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Adagio Teas
   Features  >  NY Theater Reviews

at Eugene O’Neill Theatre


  (L to R) Michael James Scott, Asmeret Ghebremichael, Rema Webb, Lawrence Stallings, Maia Nkenge Wilson, Darlesia Cearcy and Josh Gad/ Ph: Joan Marcus

If Ben Brantley’s marquee quote asserting The Book of Mormon as “the best musical of the century” is to be taken seriously, the American musical is indeed an invalid and, to paraphrase the great George S. Kaufman, one that’s not so fabulous. Maybe it was the hype, the unqualified raves, the price of black-market tickets and the heightened sense of anticipation, but 10 minutes into it I feared my expectations would remain unrealized. And so it proved.
Yes, it’s great to look at (take a bow, Scott Pask), engagingly performed by its young, enthusiastic cast, abrasively choreographed by Casey Nicholaw, who shares the slick direction with Trey Parker, but there’s something so sophomoric and juvenile about the book and lyrics by Messrs Parker, Matt Stone and Robert Lopez, it soon put me in mind of an elaborate stag show (one of the characters is called General Butt-F*****g Naked), created with one purpose only – to shock.
Little more than an extended episode of Parker and Stone’s animated TV series South Park, the plot, as everyone by now must know, involves a group of naïve Mormon missionaries in general and two (Josh Gad and Andrew Rannells) in particular who are dispatched to an AIDS-riddled village in Uganda in order to spread the gospel according to Joseph Smith and Brigham Young, the founders of the Church of Mormon, both of whom make token appearances in the show, as does Jesus and an angel called Moroni.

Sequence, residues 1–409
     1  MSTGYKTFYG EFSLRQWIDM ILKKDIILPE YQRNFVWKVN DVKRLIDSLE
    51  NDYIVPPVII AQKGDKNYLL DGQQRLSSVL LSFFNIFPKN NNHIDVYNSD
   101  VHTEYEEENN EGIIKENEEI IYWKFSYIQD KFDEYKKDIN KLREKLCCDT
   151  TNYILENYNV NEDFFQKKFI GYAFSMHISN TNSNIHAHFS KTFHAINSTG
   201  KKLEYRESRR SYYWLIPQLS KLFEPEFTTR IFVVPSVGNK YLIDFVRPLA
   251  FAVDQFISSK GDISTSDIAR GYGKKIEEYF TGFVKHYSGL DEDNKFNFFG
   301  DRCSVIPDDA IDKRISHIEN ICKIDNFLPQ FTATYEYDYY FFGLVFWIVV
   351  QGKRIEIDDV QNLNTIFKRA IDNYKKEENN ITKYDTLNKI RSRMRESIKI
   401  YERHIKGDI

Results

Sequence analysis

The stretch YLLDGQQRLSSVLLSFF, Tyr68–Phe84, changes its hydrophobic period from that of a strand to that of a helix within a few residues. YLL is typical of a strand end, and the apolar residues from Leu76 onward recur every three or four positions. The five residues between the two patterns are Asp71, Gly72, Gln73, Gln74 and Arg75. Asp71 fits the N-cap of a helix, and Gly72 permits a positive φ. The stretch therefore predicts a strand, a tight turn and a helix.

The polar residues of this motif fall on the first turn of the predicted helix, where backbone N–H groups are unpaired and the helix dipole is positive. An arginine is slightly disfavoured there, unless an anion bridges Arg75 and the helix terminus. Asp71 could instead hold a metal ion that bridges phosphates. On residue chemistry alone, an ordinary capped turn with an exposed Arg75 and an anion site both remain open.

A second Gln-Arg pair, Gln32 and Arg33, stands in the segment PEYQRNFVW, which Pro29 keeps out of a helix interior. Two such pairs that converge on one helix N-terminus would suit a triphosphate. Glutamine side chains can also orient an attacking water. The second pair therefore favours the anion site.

There are references throughout to earlier Broadway musicals – most notably an homage to The King and I in the shape of a smutty pastiche of Jerome Robbin’s ballet The Small House of Uncle Thomas, with certain plot similarities to that musical as well as to The Sound of Music.
The score is, at best, jaunty without being memorable, the catchiest number by some considerable distance being "Turn It Off," an energetically choreographed ode to repression sung by the show’s campy chorus line of male missionaries, infectiously led by Rory O’Malley.
Working overtime to breathe some life into a not particularly funny book are Rannells as square-cut, squeaky-clean Mormon Elder Price and Gad as the slobbish, overweight Elder Cunningham. The male bonding between them, redolent of so many contemporary buddy-buddy movies, is a standout cliché in a musical that is stridently and self-consciously attempting to break new ground.
The biggest hit Broadway is enjoying since The Producers – a far superior musical on every level – The Book of Mormon is simply a case of the emperor’s new clothes. That it has taken (and taken in) the town in such a big way is the only truly shocking thing about it.


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